Sachin on song

Print edition : March 28, 2003

HE came to the crease with India chasing 274, in arguably the most pressure-filled situation his team has faced in years. He later said that his philosophy during the innings was simple - if he saw the ball, he would hit it (, March 3, 2003). And when he was caught on 98 off a nasty but dubious looking Shoaib Akhtar delivery, a mere two runs short of his 35th limited overs century, Sachin Tendulkar had conquered not merely arch-rivals Pakistan but also the heights of one-day batsmanship.

Sachin Tendulkar during his innings of 98 runs against Pakistan.-WILLIAM WEST/AFP

It is difficult not to be lyrical about Tendulkar's innings in India's high-voltage encounter against Pakistan on March 1. A superb back-foot cover drive off the third ball of the Indian innings, bowled by Wasim Akram, announced Tendulkar's intentions clearly. Cricket aficionados from Durban to Delhi will never forget what happened in the second over, from Shoaib Akhtar.

A vicious upper cut off Akhtar's first delivery resulted in a six over third man. A subtle flick of the wrists sent the second ball rocketing to the square leg boundary. Arguably, the shot of the match was to follow two balls later. At first glance, it looked like a mere defensive push to a good length delivery but the ball had been timed and placed so immaculately that it reached the long-on boundary in a flash. Eighteen runs were taken from that over bowled by a man who only days before had bowled the fastest recorded delivery in history. Tendulkar's assault took the Pakistanis by surprise; it dented the self-confidence of a proud team. A shell-shocked Akhtar would later write in a column in The Guardian (March 4, 2003): "Sachin just played out of his skin, so maybe there was nothing we could have done... the whole thing was a nightmare." Tendulkar's 98 off 75 balls paved the way for Rahul Dravid and Yuvraj Singh to complete India's comfortable six-wicket win. Even though he was very unfortunate to miss his 35th one-day ton, the innings has been lauded by many as the finest ever in one-day cricket. The distinguished cricket writer, Peter Roebuck, described it as the "the most astonishing innings seen in 50-over cricket since the matches began."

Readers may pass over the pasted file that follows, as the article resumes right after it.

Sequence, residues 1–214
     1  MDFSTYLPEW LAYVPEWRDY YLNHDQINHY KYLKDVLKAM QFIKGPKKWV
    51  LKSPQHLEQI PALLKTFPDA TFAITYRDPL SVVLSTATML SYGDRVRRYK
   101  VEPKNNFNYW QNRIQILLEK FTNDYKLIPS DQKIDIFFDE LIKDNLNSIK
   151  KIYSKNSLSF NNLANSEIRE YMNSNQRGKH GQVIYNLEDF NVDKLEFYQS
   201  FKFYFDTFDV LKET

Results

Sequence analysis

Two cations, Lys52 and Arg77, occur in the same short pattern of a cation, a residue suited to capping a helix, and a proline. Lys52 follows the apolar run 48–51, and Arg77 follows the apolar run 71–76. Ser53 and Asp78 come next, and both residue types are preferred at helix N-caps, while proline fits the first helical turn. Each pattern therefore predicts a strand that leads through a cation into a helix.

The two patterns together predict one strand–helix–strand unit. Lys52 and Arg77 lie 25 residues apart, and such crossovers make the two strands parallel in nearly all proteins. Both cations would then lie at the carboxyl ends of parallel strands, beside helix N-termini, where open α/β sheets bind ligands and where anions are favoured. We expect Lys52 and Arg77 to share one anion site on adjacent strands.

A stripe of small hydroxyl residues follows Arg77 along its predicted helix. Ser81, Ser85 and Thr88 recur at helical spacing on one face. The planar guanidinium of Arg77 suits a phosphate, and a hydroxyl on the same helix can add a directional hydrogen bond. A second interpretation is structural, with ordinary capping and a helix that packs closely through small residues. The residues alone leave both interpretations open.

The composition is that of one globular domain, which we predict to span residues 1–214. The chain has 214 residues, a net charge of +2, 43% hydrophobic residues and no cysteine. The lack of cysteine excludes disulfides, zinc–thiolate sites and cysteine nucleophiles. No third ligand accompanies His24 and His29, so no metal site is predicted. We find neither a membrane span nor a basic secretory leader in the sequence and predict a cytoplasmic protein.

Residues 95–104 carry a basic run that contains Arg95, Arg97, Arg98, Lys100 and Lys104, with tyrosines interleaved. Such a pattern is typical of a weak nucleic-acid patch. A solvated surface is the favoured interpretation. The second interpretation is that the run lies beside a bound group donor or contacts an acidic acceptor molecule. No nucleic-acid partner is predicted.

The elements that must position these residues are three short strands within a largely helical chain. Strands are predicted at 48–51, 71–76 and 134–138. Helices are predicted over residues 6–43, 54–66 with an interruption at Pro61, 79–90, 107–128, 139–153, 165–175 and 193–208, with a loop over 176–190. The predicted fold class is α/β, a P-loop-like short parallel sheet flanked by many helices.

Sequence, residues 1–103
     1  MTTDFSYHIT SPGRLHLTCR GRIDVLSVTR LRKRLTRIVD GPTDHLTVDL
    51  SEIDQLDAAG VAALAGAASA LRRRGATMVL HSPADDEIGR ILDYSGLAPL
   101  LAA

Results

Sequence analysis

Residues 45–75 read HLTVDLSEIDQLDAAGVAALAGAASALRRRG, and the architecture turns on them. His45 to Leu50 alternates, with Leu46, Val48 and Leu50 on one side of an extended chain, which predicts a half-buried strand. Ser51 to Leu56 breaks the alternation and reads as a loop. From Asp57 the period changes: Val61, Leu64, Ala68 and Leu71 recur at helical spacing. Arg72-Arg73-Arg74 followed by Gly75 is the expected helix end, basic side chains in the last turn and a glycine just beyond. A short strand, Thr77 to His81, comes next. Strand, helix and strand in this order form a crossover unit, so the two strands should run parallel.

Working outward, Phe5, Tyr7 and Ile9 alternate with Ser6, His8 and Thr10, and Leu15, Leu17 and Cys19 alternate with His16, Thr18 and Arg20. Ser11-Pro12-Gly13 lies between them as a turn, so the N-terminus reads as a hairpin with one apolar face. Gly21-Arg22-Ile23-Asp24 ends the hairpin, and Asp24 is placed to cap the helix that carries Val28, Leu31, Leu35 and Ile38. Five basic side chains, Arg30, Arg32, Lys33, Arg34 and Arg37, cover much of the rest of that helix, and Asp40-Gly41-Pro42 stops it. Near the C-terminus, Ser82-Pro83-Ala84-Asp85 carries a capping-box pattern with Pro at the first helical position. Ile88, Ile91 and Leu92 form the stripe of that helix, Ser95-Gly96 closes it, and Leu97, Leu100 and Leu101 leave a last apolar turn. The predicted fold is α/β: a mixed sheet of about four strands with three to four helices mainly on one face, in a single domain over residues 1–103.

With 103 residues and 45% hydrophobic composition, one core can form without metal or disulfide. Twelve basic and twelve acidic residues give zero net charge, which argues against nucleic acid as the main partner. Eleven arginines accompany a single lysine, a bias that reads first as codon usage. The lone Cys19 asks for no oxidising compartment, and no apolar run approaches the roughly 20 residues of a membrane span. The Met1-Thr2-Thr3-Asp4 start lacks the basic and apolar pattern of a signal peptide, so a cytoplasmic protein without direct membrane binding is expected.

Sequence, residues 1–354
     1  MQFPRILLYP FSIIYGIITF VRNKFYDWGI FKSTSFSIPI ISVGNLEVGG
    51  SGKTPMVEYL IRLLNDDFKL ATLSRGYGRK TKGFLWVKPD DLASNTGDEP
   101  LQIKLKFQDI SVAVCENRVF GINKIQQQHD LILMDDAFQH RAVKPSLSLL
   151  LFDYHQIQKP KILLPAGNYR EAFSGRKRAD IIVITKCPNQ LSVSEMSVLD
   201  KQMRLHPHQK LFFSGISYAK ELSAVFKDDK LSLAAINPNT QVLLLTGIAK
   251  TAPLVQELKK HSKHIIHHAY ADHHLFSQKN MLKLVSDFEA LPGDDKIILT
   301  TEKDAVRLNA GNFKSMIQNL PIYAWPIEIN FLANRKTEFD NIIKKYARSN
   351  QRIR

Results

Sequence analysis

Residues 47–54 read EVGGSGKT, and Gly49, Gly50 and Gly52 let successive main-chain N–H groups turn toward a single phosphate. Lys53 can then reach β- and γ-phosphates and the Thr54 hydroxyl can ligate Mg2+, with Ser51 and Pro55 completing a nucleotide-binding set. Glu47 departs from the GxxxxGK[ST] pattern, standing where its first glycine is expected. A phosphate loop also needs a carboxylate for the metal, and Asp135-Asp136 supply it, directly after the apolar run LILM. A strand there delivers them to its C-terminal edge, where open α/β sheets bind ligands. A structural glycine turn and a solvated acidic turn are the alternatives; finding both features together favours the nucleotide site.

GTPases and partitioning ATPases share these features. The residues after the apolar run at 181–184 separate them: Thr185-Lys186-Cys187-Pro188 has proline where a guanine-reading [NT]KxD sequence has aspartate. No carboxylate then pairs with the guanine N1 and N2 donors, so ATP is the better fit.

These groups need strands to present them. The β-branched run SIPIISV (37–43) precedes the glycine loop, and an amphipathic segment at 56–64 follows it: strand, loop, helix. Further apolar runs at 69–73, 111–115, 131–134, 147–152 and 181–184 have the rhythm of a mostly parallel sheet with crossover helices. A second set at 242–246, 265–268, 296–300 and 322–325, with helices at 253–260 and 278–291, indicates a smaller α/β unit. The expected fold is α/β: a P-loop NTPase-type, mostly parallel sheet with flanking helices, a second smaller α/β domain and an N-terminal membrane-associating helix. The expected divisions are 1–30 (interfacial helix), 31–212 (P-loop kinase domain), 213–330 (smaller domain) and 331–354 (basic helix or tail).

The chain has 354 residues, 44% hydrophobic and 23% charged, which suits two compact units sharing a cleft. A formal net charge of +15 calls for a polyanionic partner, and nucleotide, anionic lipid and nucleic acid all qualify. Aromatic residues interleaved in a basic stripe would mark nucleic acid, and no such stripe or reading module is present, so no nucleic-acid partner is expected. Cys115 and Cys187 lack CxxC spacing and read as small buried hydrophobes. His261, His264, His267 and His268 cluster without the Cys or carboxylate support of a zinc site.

He may have had a lacklustre 2002 but his performances in the World Cup thus far have been more reminiscent of the Tendulkar of 1997 and 1998, when he was at his dominant best. As of March 10, Tendulkar's scores in his eight tournament innings read 52, 36, 81, 152, 50, 98, 5 and 97. He is currently the front-runner for player of the tournament and is also the highest run-getter in World Cup history, with 1,630 runs.

As it has demonstrated with panache and professionalism throughout the tournament, Australia is very much the side to beat. Should India play Australia, Tendulkar looks to be the one to pose the most difficult questions of Ricky Ponting's outfit. Australia may well be the best team in world cricket today but even it may not have enough answers to counter Tendulkar's individual brilliance and current form.

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